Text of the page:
De Quervain’s tenosynovitis is a painful condition affecting the tendons on the thumb side of the wrist. The condition generally manifests through repetitive stress on these tendons causing inflammation and swelling, which in turn leads to pain when raising the thumb or bending the wrist.
Increased use of mobile gadgets makes people more prone to suffer from pain in the thumb and wrist and the condition is often seen in housewives, computer users, and racket sports players. Most common causes are:
- Frequent and repeated movement of the thumb and wrist, for example, using mobile gadgets or computers to type messages
- Not keeping the wrist in a neutral (straight) position when moving or using the thumb
- Overuse of the forearm and thumb muscles, for example, repetitively squeezing a racket or golf club hard
Pregnant ladies are also at a higher risk of suffering from de Quervain’s tenosynovitis due to hormonal changes, which cause tendons and ligaments to become laxer. For them, the recovery period is also longer as they may need to wait till the hormone levels return to normal after pregnancy.
Signs and symptoms
- Pain in the wrist or thumb
- Trouble gripping objects
- Swelling in the wrist
- Stretchy feeling and tightness over the forearm muscles
- Cracking sound when moving the thumb
Usually, de Quervain’s tenosynovitis can be managed well with physiotherapy treatments. The expected recovery duration is about six to eight weeks for soft tissues healing and treatment varies according to the phase of the injury.
Pain relief is the main goal. Pain, swelling, and redness at the hand are the common symptoms in the inflammation stage. Physiotherapy treatments aim to reduce the inflammation and improve the circulation around the tendons, for example, ice therapy, acupuncture, ultrasound and microcurrent therapy (a form of electrical stimulation). It is also important to let the hand region rest. People suffering from acute pain should also avoid carrying weight and any squeezing motions.
A wrist and thumb brace or support for stabilization can keep the thumb and wrist in a proper position at all times.
As the pain is being managed, stretching and gentle mobilization can be helpful. Gentle massage on the tendons and muscles and stretching can begin, to maintain the range of movement of the thumb and the flexibility of the soft tissues. The following exercises in the sub-acute phase.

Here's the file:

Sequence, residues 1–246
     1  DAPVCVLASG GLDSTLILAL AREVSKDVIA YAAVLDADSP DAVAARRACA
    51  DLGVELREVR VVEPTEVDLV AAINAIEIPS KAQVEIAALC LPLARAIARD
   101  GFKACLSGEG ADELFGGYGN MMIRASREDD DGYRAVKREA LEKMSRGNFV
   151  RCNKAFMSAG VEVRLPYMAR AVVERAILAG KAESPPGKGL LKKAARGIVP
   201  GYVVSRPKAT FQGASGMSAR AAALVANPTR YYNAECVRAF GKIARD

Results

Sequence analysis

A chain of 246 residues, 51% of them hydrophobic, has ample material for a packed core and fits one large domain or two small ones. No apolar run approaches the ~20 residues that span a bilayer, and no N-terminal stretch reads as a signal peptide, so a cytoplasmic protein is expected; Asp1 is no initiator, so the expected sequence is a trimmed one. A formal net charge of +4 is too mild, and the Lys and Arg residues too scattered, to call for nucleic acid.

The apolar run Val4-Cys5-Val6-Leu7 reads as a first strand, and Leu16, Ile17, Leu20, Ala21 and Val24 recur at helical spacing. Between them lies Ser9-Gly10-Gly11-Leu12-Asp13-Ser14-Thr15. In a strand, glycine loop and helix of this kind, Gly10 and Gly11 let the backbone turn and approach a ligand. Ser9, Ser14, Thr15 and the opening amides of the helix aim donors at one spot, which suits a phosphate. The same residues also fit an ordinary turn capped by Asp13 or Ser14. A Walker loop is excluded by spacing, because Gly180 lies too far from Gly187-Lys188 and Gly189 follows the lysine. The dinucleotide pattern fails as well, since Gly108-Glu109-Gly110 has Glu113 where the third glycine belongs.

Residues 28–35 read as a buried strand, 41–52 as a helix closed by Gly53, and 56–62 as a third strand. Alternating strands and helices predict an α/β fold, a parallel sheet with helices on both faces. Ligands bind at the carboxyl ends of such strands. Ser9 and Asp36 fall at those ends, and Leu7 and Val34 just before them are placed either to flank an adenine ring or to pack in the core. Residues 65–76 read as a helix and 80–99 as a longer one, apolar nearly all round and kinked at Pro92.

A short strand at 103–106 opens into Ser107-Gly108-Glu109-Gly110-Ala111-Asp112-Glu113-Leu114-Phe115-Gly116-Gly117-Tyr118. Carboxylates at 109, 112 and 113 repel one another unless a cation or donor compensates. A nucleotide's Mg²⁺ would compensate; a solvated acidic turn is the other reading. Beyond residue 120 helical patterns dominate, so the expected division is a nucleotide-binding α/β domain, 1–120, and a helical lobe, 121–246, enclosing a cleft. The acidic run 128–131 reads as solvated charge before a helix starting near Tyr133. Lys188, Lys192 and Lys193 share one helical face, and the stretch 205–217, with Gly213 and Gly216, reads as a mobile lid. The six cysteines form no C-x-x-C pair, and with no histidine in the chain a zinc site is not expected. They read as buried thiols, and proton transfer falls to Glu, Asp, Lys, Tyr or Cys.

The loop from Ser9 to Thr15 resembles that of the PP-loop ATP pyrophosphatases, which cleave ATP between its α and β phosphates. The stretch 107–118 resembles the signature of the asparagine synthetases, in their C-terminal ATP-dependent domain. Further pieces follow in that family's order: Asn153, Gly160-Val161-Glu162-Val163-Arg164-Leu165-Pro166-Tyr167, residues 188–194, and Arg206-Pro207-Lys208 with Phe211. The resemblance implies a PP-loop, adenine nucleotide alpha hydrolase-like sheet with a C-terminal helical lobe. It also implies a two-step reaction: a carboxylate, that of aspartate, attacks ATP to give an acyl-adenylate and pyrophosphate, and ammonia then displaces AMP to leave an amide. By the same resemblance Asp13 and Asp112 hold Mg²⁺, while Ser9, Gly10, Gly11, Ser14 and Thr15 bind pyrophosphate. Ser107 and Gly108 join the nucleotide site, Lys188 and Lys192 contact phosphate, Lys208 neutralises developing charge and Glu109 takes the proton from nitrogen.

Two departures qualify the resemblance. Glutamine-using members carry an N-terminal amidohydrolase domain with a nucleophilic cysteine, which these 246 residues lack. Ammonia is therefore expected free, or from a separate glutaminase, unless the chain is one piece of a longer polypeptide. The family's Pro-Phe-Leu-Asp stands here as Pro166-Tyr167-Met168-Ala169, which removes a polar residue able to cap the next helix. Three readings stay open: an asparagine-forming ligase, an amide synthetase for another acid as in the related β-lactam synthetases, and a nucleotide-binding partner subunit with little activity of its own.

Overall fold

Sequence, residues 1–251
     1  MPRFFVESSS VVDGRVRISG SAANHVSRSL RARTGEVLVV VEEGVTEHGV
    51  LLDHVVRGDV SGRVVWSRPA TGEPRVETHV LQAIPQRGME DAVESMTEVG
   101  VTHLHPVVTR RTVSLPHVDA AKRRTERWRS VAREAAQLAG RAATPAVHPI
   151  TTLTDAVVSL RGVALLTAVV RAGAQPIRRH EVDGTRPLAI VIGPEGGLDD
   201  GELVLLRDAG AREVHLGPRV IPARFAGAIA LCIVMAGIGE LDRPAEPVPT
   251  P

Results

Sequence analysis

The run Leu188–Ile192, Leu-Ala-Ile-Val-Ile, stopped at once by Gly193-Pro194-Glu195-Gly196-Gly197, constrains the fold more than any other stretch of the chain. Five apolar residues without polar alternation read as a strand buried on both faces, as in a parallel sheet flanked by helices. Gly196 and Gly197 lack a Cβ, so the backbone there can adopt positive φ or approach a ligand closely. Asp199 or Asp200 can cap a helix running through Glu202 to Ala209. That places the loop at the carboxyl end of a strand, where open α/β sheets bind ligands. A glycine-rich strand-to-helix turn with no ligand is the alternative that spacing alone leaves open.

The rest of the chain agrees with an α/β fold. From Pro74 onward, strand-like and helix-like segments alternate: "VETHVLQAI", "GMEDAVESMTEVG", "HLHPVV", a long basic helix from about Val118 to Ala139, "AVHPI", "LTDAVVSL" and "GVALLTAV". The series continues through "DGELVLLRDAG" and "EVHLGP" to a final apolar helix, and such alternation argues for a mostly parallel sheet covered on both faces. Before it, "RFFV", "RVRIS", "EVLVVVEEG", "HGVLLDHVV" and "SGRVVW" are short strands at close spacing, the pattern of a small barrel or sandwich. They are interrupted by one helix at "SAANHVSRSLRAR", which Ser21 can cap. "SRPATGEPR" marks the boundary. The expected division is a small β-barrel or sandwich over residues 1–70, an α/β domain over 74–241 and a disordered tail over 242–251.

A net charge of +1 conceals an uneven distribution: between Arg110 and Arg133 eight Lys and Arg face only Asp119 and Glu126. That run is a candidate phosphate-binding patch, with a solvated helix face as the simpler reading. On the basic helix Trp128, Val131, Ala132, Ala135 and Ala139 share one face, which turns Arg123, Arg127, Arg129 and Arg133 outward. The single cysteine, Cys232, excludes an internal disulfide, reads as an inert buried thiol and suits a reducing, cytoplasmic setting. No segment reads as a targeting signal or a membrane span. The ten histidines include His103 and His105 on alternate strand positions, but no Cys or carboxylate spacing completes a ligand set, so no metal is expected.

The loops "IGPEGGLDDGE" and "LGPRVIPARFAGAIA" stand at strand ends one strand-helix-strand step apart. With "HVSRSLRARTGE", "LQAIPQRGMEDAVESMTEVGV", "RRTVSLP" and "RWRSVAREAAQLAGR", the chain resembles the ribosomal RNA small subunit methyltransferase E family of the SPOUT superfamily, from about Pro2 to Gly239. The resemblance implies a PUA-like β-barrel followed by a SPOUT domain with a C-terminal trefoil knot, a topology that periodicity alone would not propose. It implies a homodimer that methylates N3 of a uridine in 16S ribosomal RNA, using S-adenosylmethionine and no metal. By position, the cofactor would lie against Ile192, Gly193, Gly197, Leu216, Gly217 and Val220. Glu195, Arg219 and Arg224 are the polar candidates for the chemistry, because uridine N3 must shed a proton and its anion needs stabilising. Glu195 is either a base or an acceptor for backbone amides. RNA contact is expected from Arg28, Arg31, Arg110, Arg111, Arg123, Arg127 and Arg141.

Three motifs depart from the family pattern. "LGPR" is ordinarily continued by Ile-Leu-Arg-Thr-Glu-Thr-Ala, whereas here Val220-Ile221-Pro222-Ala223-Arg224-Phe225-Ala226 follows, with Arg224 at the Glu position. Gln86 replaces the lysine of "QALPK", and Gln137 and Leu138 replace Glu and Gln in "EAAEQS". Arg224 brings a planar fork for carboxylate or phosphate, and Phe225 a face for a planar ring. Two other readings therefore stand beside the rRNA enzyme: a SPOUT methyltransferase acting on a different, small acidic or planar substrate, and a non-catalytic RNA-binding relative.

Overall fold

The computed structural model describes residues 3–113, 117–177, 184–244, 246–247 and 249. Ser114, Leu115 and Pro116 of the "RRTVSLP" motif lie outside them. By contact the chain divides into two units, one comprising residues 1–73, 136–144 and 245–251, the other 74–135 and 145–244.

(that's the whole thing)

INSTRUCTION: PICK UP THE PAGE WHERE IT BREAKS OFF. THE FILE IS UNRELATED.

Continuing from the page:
A) Active exercise for the thumb
Move the thumb in and out horizontally and repeat 10 times
B) Stretching the thumb tendons
Bend the thumb and hold with other fingers. Bend the wrist gently for stretching. Hold for 10-15 seconds. Repeat 3 times.3 Recovery phase
When the pain level becomes stable, strengthening exercises for the thumb and wrist muscles can begin, to build more support.
A) Squeezing exercises with a soft ball
B) Thumb extension resistance exercise
C) Strengthening of forearm muscles with a dumbbell
Hold a light weight (2-3 lbs) with the palm down and move the wrist up
If the pain cannot be controlled fully with physiotherapy treatments, medication or injection may give fast relief to control the pain and inflammation.
Non–steroidal anti-inflammatory drugs (NSAID) or other painkillers can be used to control the early stage of inflammation. If the pain and inflammation are not controlled well with oral drugs, the doctor may suggest a local steroid injection to the inflamed tendons.
If the pain does not respond well to physiotherapy, medication and injection, the doctor may recommend a “tendolysis” surgical intervention to release the tendon from adhesions and let the tendons glide smoothly.
Preventive care and measures care and measures
- Avoid prolonged repetitive stress on the thumb and wrist, for example, squeezing a towel, using a computer mouse or gripping objects tightly between the thumb and fingers
- Keep the wrist in a neutral position. Rest and perform stretching exercises between work
- Carers of babies should support the baby with the whole palm instead of only using the crook of the hand
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Articles on this website are informative only and not intended to be a substitute for professional medical advice, diagnosis or treatment. They should not be relied upon for specific medical advice.
Information provided by:
Physiotherapy Department, Matilda International Hospital